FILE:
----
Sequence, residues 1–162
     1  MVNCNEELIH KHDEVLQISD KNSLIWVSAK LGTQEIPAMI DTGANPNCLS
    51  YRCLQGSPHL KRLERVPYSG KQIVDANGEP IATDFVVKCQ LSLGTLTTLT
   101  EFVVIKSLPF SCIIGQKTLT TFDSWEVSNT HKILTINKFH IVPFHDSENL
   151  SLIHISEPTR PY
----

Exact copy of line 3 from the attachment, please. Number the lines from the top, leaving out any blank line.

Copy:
    51  YRCLQGSPHL KRLERVPYSG KQIVDANGEP IATDFVVKCQ LSLGTLTTLT